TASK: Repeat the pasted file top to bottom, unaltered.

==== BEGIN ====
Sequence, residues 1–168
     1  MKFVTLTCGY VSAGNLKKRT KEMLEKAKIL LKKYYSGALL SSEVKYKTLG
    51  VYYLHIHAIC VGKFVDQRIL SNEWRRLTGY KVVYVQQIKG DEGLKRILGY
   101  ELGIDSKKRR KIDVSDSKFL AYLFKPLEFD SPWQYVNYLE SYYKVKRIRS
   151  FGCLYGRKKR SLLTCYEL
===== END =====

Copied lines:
Sequence, residues 1–168
     1  MKFVTLTCGY VSAGNLKKRT KEMLEKAKIL LKKYYSGALL SSEVKYKTLG
    51  VYYLHIHAIC VGKFVDQRIL SNEWRRLTGY KVVYVQQIKG DEGLKRILGY
   101  ELGIDSKKRR KIDVSDSKFL AYLFKPLEFD SPWQYVNYLE SYYKVKRIRS
   151  FGCLYGRKKR SLLTCYEL